Every President has recognized the need to seek advice and expertise from those knowledgeable in statecraft, intelligence, and defense to protect and promote the interests of the United States at home and abroad. The National Security Council, created by Congress seventy years ago, provides a formal framework for the dissemination of this advice and expertise, removed from the influence of petty partisan politicking.
Unfortunately, the actions of Donald Trump, who has argued repeatedly that “he and he alone” can direct our country forward, show he neither understands nor appreciates this need. Whatever other skills the Commander-in-Chief may possess – litigating real estate deals, bankrupting businesses, boasting about sexual assault, what have you – he lacks any real experience in public service, in civil governance, or in international diplomacy.
Unfortunately for United States, it shows. Mr Trump has offended our largest trade partner (China), threatened with invasion our third largest trade partner (Mexico), insulted one of our staunchest military allies (Australia), diminished our standing with longtime allies and Muslim nations alike with his refugee ban, approved a hastily planned and publically botched military operation in Yemen… and it is only Day Eighteen of his Presidency. Now, in the wake of these actions, Mr Trump has removed both the Director of National Intelligence and the Chairman of the Joint Chiefs of Staff as full-time attendees on the National Security Council, gutting the NSC’s core mission of inter-agency coordination. In their place, Mr Trump has instead appointed as a full-time attendee a political operative, Steve Bannon.
Steve Bannon has no right to be a full-time attendee of the NSC or any of its subcommittees.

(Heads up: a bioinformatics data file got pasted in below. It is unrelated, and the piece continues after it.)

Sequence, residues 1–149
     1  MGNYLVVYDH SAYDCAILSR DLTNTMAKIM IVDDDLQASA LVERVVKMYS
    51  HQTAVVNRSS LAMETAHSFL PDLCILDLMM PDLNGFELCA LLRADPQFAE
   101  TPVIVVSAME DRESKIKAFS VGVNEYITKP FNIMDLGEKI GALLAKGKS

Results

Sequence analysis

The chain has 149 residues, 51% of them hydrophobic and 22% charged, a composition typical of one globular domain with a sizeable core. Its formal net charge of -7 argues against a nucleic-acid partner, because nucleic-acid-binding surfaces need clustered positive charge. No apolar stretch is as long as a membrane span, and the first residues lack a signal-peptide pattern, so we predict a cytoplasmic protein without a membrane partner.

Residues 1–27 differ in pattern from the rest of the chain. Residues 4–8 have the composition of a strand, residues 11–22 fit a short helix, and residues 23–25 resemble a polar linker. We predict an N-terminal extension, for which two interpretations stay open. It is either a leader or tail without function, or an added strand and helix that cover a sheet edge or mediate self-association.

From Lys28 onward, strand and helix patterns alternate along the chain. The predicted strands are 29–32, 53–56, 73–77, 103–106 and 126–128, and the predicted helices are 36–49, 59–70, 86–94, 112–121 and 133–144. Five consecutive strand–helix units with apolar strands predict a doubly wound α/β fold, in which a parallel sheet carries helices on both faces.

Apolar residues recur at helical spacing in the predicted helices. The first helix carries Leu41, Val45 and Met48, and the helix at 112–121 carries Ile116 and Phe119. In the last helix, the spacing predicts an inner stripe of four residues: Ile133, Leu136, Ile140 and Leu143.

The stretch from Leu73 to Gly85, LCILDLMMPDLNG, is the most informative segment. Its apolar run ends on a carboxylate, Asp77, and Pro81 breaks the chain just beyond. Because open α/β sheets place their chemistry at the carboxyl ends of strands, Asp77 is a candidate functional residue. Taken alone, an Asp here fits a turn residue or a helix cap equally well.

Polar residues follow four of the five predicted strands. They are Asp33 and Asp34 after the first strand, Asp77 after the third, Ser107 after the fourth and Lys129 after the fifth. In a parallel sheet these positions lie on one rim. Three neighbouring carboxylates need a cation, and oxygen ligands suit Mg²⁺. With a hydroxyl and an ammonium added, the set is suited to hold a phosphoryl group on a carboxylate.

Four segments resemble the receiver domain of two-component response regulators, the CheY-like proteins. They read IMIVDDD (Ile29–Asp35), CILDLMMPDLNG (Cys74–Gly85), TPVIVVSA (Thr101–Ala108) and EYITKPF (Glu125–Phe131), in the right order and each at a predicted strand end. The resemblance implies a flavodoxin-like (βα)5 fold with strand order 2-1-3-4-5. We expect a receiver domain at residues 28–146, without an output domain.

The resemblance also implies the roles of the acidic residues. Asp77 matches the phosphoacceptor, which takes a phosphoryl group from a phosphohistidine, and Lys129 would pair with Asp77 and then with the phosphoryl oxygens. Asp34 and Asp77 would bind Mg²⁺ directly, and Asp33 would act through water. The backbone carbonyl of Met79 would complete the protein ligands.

One could argue temperament: Mr Trump is notoriously thin-skinned and hot-tempered, as even the most cursory inspection of his Twitter feed will show. He should not be permitted to discard (or at the very least demote) the expert advice of America’s intelligence and military communities in favor of the conspiracy theories peddled by Mr Bannon, the former propagandist-in-chief of what he himself called “the platform of the alt right,” the “politically correct” term by which our country’s white nationalist snowflakes demand to be called.
One could argue inexperience: Mr Bannon’s personal history as a naval officer in the late 1970s and a movie producer in the 2000s provide insufficient experience to properly inform the President’s national and international policies in the 21st Century.
One could argue optics: the toxic themes of racism, sexism, and jingoism that were increasingly promoted by Breitbart News under Mr Bannon’s stewardship have no place in American discourse, much less its policy.
Most importantly, though, one could argue the law: under U.S. Code 50, Section 3021 Part (a), since Mr Bannon is not one of the pre-approved Cabinet Secretaries or Under-Secretaries, he must be “appointed by the President by and with the advice and consent of the Senate, to serve at his pleasure” [emphasis mine]. It is true that the statute does grant the President the right to invite any person he wishes to NSC meetings as an observer, but Mr Trump’s memorandum makes it clear that Mr Bannon is to serve the more formal function of full-time attendee and participant in the NSC and it Principals subcommittee.
Mr Trump has shown, time and time again, that he is unwilling of his own volition to heed the advice of our nation’s intelligence and military leaders. But he is required BY LAW to heed the advice and consent of Congress. Because the President will not, it is up to you and your colleagues in the Senate to thoroughly vet Steve Bannon to determine if it is in the best interests of the United States that he serve on the NSC, or to expose him as a home-grown Rasputin and remove him from it. I ask you, as both a constituent of South Dakota and a citizen of the United States, to DENY STEVE BANNON’S APPOINTMENT to the National Security Council and its Principals Committee, until such time as he has been PROPERLY VETTED AND CONFIRMED through Senate hearings.
I thank you for your service.